First Anglo-Sikh war memorial in a shambles
A look at the broken slabs inscribed with words of valour of Sikh generals at the first Anglo-Sikh war memorial in Gora Hoor village near Aliwal, 40 km from Ludhiana, are a reflection of the hollow promises and salutations made by the political leaders of the state.punjab Updated: Oct 01, 2014 15:04 IST
A look at the broken slabs inscribed with words of valour of Sikh generals at the first Anglo-Sikh war memorial in Gora Hoor village near Aliwal, 40 km from Ludhiana, are a reflection of the hollow promises and salutations made by the political leaders of the state.
The irony of the situation is on the one hand, the state government has failed to protect the old memorial, on the other hand, it is all set to construct ‘Jang-e-Azaadi’, a memorial at Kartarpur near Jalandhar over 25 acres at a cost of Rs 200 crore.
Despite being declared a protected monument in 1964 under the Punjab Ancient, Historical Monuments, Archaeological Sites and Remains Act, the memorial has been in ruins all these years.
Irrespective of the fact that the memorial referred to as “Flame of Memory” is a symbol of gallantry of Sikh soldiers duly acknowledged by the British by installation of this commemorative plaque, the monument was denied due recognition by the governments and people of the state.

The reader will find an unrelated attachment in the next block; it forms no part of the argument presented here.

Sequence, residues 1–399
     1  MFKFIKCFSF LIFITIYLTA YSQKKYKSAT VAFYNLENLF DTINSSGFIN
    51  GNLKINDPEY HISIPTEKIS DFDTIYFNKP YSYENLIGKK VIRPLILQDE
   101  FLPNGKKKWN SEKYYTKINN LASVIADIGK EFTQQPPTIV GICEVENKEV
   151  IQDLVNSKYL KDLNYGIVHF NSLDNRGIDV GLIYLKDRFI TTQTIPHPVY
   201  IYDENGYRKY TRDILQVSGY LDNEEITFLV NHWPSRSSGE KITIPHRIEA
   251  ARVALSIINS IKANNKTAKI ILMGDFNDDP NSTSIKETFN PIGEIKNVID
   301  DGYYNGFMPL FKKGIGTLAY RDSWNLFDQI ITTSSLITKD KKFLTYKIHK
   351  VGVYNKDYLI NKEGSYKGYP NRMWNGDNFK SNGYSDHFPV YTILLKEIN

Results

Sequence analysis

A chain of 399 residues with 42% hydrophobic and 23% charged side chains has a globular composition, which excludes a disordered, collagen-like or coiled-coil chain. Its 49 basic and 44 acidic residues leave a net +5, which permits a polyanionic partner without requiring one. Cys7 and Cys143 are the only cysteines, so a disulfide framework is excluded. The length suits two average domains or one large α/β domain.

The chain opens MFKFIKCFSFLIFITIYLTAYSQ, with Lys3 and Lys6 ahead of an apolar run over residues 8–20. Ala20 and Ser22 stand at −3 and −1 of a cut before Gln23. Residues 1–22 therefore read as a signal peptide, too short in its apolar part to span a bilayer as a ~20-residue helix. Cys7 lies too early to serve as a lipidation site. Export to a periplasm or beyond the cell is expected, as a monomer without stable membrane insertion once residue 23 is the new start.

It was built in 1853 by the British, more than 160 years ago, to honour the bravery of the Sikh soldiers who changed the face of first Anglo-Sikh war. The British were forced to acknowledge the valour with which the Sikh soldiers fought against the much stronger British army.
In 2011, the Punjab Heritage and Tourism Promotion Board had made efforts to renovate the monument and an amount of `10 lakh was sanctioned for it. But soon after putting up of a boundary wall made of grills the work stopped as the contractor failed to get requisite funds.
Criticising the SAD-BJP government for having ignored the “prestigious” project of renovating the first Anglo-Sikh War Memorial, Ex-servicemen Welfare Society, Ludhiana, president Col Rajinder Singh Sohi (retd) said, “It is a matter of shame that our governments have forgotten about the sacrifices made by our soldiers. The land that belonged to this monument too has been usurped by farmers and the administration has not even bothered to look into the matter.”
Another Octogenarian from Hambran Harjinder Singh said, “It is rather shocking that none of the Akali leaders who take pride in referring to the war heroes from Punjab outside the state have ever bothered to pay homage to the martyrs of First Anglo Sikh War at this memorial.”
Expressing ignorance, Principal secretary Raji P Srivastava said, “I will look into the matter and the department will do the needful.”